In his signature conversational style, Tyson (Space Chronicles: Facing the Ultimate Frontier, 2012, etc.), director of the Hayden Planetarium at the American Museum of Natural History and host of StarTalk, shows once again his masterly skills at explaining complex scientific concepts in a lucid, readable fashion. In fun, digestible chapters, he covers all the basics: the constituent bits that make up the universe, the forces and laws that govern their interaction, and the pioneering scientists who pieced together the mechanics fabricating our reality. Substituting down-to-earth wit for unnecessary jargon, Tyson presents ideas in clean, straightforward language and allows for the awesome nature of the universe to impress itself on readers unadorned. Also compelling is the author’s contagious exuberance for his field, which he has consistently demonstrated throughout his writing and TV careers. Whether expounding on the general theory of relativity or the mystery of dark matter, he celebrates the many theories that have been experimentally confirmed while acknowledging the grand extent to which there is still so much left to discover. He also emphasizes that astrophysics need not be inaccessible. “The cosmic perspective comes from the frontiers of science, yet it is not solely the provenance of the scientist,” he writes. “It belongs to everyone….The cosmic perspective enables us to see beyond our circumstances, allowing us to transcend the primal search for food, shelter, and sex.” In short order, you’ll be conversant in mind-bending trivia about “star stuff” that may fundamentally shift your perspective of our place in the universe—and convince you to pursue some of the many fine longer-form books on the subject.
A sublime introduction to some of the most exciting ideas in astrophysics that will leave readers wanting more.
A richly documented history of the rise—and threatened future—of antibiotics.
Before the invention of antibiotics, doctors practiced “heroic medicine,” rebalancing the body’s humors with bloodletting, blistering, purges, enemas, and other primitive techniques. But in the late 1800s came Louis Pasteur and Robert Koch, and suddenly the world knew that cholera, plague, tuberculosis, diphtheria, and other maladies were caused by invisible microbes: bacteria. So began the hunt for remedies. There were some successes—antitoxin for diphtheria, a vaccine for anthrax—but competition and venomous rivalries prevailed, pitting Pasteur against Koch, France against Germany. Rosen’s (The Third Horseman: Climate Change and the Great Famine of the 14th Century, 2014, etc.) warts-and-all sketches of the key figures serve as refreshing antidotes to the hero-worship texts we read as schoolchildren. The author also deftly contrasts Germany’s synthetic dye industry, which funded research that led to Paul Ehrlich’s Salvarsan for syphilis, with the feeble research support elsewhere. But the real revolution in remedies had to wait until World War II and the rediscovery of penicillin, when British scientists came to America for help in the fermentation process needed to generate copious amounts of the extract. Then came Selman Waksman, who coined the word “antibiotic” and found in a soil sample a bacterial strain that produced its own antibacterial product that worked against TB. The race was on for other useful soil microbes, and numerous drug companies emerged (and merged), from small producers of herbals and botanicals to big-time generators of lucrative broad-spectrum antibiotics. Rosen also charts the course of the FDA and the development of testing and safety protocols. Unfortunately, the current scene is ominous. Antibiotic resistance is serious and continues to grow thanks to low dosages of antibiotics still allowed in animal feeds. Rosen offers some hope regarding new approaches to combat resistance, but they seem meager.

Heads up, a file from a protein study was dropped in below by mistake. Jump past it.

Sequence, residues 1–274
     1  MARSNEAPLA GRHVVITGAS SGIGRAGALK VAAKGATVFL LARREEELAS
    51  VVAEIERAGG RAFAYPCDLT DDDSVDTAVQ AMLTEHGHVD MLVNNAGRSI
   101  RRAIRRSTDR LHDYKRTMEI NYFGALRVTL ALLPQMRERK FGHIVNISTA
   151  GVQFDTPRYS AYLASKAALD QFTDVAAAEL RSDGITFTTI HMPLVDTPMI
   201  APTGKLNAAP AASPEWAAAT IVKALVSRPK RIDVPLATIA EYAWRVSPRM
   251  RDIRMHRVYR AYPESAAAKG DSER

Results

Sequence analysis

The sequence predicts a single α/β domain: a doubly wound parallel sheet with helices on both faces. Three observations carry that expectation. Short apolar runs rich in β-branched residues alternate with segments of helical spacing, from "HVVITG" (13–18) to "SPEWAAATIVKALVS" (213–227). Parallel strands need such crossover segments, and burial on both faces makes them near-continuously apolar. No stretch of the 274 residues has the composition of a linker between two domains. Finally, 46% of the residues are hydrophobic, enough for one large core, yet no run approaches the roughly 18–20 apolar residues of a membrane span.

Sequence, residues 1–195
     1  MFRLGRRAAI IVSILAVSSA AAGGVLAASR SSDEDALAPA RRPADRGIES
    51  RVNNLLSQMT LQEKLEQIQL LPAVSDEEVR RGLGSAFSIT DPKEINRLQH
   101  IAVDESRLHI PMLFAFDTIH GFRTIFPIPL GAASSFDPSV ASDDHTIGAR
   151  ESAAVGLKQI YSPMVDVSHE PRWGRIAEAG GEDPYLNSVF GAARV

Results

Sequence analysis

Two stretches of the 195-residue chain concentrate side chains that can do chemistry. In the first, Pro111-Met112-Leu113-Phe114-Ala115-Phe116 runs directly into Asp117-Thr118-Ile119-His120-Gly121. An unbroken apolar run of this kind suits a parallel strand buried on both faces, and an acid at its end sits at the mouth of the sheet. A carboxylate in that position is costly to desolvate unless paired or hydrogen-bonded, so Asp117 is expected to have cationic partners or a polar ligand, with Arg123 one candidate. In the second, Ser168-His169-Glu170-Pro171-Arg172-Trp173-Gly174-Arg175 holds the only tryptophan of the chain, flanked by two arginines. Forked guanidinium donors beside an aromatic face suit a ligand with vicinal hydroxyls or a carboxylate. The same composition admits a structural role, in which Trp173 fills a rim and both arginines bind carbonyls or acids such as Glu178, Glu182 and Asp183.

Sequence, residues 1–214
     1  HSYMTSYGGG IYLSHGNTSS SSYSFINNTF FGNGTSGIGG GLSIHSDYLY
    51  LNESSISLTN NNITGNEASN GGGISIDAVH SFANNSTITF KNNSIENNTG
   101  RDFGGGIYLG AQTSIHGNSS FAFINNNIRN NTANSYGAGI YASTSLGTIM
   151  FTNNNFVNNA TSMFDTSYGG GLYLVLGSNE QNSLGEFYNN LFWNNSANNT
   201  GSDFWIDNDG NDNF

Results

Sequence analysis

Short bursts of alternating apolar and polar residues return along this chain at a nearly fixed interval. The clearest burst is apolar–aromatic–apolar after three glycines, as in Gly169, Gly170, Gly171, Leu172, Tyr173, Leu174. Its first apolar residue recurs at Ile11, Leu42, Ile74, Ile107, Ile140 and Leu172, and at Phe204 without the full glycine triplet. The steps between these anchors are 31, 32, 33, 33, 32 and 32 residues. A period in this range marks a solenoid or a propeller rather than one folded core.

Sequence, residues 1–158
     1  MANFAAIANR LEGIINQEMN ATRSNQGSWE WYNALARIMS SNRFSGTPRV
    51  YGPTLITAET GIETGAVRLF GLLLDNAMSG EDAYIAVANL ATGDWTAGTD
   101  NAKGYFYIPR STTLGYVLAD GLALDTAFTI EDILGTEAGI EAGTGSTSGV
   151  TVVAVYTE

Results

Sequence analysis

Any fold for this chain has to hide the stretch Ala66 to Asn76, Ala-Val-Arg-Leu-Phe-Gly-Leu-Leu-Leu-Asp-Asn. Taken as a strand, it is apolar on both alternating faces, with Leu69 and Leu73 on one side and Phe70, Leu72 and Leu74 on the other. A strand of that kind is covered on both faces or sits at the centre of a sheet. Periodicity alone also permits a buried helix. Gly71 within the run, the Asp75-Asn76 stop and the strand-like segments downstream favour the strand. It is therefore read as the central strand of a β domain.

An encyclopedic reference for researchers and practitioners but also accessible for general readers due to Rosen’s lively depiction of the people, places, and politics that color the history of the fight against infectious disease.
In her debut, journalist Kapsambelis builds a compelling narrative about Alzheimer’s disease around one North Dakota extended family.
In sections alternating among sagas of specific families, research in medical laboratories, and sweeping explanations of dementia, the author demonstrates beyond doubt that although Alzheimer’s acquired its name in the early 20th century (first described by Alois Alzheimer in 1906), it has devastated human brains for thousands of years. Much of what used to pass for old-age senility has actually been virulent dementia, of which Alzheimer’s is a specific type. A normal path of this abnormal disease starts with inconsistent memory, moves to the loss of motor skills, and culminates in a drawn-out, heartbreaking death phase. Alzheimer’s can rip apart families, often compromising the physical and mental health of the caregivers as well as the patients. Kapsambelis focuses largely on early-onset Alzheimer’s, which sometimes manifests as early as age 35. By focusing on the DeMoe family of rural North Dakota, the author was able to spend time with family members while they were still lucid. When Gail, an accomplished, lively young woman, married her husband, Galen DeMoe, she had no idea he harbored a mutant gene that would doom him and maybe any children they birthed to early-onset Alzheimer’s and excruciating declines. As detection techniques to spot the specific mutant gene progressed, each of the six children born to Galen and Gail had to decide if they wanted to be tested. Some of the six wanted to know quickly, while others delayed. If they carried the mutant gene, they also had to decide if they would risk having children of their own. In addition to clear discussions of the disease’s history and research, Kapsambelis successfully portrays Gail, Galen, and their extended family as fully fleshed individuals.
An educational and emotional chronicle that should resonate with a wide variety of readers.
The journalist and polymath delivers a delightful exploration of “the deepest idea in the universe.”